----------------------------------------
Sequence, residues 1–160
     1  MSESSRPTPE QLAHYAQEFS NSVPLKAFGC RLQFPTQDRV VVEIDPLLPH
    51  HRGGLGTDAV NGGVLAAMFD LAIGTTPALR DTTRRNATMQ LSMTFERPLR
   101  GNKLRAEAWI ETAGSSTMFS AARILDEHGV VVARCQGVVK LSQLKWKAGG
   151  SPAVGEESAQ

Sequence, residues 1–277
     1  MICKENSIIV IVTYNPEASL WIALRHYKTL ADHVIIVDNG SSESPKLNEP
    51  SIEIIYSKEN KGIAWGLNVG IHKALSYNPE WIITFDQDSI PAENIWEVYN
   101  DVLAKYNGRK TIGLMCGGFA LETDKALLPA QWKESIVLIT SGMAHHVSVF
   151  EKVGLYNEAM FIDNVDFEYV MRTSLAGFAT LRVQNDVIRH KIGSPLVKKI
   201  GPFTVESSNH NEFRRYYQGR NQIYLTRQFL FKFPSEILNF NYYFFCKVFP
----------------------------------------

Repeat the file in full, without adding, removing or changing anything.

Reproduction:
Sequence, residues 1–160
     1  MSESSRPTPE QLAHYAQEFS NSVPLKAFGC RLQFPTQDRV VVEIDPLLPH
    51  HRGGLGTDAV NGGVLAAMFD LAIGTTPALR DTTRRNATMQ LSMTFERPLR
   101  GNKLRAEAWI ETAGSSTMFS AARILDEHGV VVARCQGVVK LSQLKWKAGG
   151  SPAVGEESAQ

Sequence, residues 1–277
     1  MICKENSIIV IVTYNPEASL WIALRHYKTL ADHVIIVDNG SSESPKLNEP
    51  SIEIIYSKEN KGIAWGLNVG IHKALSYNPE WIITFDQDSI PAENIWEVYN
   101  DVLAKYNGRK TIGLMCGGFA LETDKALLPA QWKESIVLIT SGMAHHVSVF
   151  EKVGLYNEAM FIDNVDFEYV MRTSLAGFAT LRVQNDVIRH KIGSPLVKKI
   201  GPFTVESSNH NEFRRYYQGR NQIYLTRQFL FKFPSEILNF NYYFFCKVFP